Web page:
Discovering the Distributed Algorithms behind Biological Cell Communication

What are the distributed algorithms behind cell communication? Stuck in a sandpit, I and colleagues at QUB gather up some ideas which will hopefully also find some applications.

Ever been in a sandpit? When I was asked to be in one (called the Applied Maths Sandpit at our new EPS faculty.) I was not sure what it would be. It could be an innocent fun activity in the sand as in the first picture, an unlikely dream holiday at a golf course (as in the second picture), or, most likely, a grueling day which I was not forewarned of (third picture).  As it turns out, it was rather nice and, ultimately, useful. There was no sand around, of course! (and neither was there much warm Sun, unsurprisingly for here).

For a start, I met a few brilliant colleagues I did not know existed. Then, in a day of real intense cut-throat Dragon’s den like competition, we pitched our, mostly half-baked, ideas (btw, I am joking about the ‘cut-throat’, after all,  we were (applied) mathematicians, not MBA enterpreneurs at the gathering!). Amazingly, at the end of it, our emergently formed motley crew of  me, Fred Currell, Thomas Huettemann, Dermot Green and Alessandro Ferraro (All except me from QUB Maths and Physics) have been given resources to recruit and spoil a PhD student for a proposal that makes up the ideas of this post.

So, here comes a very high level,  sparse, ambitious, and rough sketch:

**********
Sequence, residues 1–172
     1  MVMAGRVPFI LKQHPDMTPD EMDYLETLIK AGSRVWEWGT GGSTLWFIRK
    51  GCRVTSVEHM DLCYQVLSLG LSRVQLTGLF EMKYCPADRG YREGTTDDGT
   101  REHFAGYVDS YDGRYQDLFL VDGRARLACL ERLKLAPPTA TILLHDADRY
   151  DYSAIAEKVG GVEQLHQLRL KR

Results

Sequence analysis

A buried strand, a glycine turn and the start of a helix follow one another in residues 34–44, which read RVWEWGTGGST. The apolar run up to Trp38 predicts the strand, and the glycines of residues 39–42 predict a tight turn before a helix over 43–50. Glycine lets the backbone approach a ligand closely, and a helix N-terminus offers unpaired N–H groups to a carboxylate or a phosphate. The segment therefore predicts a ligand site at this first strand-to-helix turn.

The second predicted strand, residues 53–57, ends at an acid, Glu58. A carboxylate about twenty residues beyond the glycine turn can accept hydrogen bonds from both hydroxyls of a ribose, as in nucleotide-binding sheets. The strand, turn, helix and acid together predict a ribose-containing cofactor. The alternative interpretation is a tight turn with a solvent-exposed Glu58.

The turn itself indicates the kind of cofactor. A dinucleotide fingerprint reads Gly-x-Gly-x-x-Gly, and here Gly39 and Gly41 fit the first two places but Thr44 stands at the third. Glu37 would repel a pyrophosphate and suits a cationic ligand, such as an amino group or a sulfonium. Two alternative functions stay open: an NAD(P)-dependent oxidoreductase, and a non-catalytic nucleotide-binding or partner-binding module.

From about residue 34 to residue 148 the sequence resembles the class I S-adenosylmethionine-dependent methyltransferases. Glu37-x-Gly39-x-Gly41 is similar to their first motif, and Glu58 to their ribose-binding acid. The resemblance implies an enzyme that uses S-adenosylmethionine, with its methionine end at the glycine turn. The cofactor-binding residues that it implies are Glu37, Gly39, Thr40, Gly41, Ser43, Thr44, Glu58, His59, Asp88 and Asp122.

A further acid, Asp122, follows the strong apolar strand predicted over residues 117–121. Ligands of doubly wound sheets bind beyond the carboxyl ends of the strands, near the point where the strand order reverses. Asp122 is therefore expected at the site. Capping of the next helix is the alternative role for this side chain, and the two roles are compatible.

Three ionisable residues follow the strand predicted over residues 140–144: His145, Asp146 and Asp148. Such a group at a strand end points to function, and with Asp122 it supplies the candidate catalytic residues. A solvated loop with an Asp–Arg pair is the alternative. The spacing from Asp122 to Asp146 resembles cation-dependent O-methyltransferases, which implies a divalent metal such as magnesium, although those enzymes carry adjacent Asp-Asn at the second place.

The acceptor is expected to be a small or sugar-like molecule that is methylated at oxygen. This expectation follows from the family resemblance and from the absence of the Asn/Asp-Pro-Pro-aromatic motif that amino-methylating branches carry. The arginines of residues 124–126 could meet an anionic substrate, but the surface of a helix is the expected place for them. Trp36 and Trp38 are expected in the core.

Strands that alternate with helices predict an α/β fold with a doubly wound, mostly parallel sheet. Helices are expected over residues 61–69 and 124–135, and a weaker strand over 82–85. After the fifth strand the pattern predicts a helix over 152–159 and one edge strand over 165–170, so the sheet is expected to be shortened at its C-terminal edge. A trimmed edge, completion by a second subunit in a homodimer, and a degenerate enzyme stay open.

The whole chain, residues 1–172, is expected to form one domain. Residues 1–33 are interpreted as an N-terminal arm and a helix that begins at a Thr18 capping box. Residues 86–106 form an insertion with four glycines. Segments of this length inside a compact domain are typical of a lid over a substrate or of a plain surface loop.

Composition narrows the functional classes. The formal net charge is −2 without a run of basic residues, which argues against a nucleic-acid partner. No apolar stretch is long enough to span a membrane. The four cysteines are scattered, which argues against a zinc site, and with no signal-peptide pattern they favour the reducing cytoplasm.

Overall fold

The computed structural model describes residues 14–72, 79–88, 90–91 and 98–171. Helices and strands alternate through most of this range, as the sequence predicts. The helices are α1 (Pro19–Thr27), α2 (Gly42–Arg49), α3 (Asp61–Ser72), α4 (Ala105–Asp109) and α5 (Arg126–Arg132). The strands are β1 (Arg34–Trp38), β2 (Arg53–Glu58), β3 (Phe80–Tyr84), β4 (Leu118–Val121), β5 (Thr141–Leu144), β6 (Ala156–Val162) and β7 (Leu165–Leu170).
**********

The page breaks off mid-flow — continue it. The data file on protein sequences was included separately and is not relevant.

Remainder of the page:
Living organisms can be thought of as clusters of cells in communication (typically at gap-junction interfaces). Within interacting communities new cells are born and old ones are removed, through (sometimes programmed) death. There is a strong environmental influence on these processes. On a much smaller scale, quantum-mechanical processes are at work within cells, complicating the picture further. We think real life processes are efficient, fault-tolerant, self-healing and scalable, leading us to hypothise that there must be powerful distributed algorithms somewhere in these networks of cells waiting to be discovered.

Networks  are often modelled as a graphs: the cells are nodes and a common surface between two cells facilitates communication. In biological systems, things change and this dynamism in networks is often addressed by failure models, including adversarial and accidental (random) death. The network can react to these changes in various ways and we seek a mathematical framework in which to formulate and analyse the various questions arising.

The team thought of three systems which could be of interest (some of the team already work on these though I know little about them at the moment):

  1. Volvocine green algae — These capture the evolutionary emergence of multicellularity, including what is believed to be the simplest multi-cellular eukaryotic organism: Tetrabaena socialisjournal.pone.0081641.g001

    Rough outline of phylogenetic relationships in volvocine green algae.

  2. Light harvesting in photosynthetic organisms — the mechanism whereby living organisms harvest energy from light is believed to be one of the clearest biological systems countering the view that life is too “warm and wet” for quantum phenomena to be relevant.nphys2474-f1.jpg

    A quantum machine for efficient light-energy harvesting (from the paper)

  3. The tumour spheroid — a simple multicellular mimic of a tumour, this system is amenable to direct laboratory study and is known to show many of the hallmarks of cancer, including the lack of growth regulation mechanisms, meaning it seeks to grow avidly. nature14971-f2.jpg

    A study showing effects on size, shape and growth rate of tumours (from the paper)

The PhD advertisement is here (if you know of suitable candidates):

Talking of Maths sandpits, somebody is already working putting them to work:

Question: What’s the best way discover algorithms that nature uses? (Of course, this is a very old question!).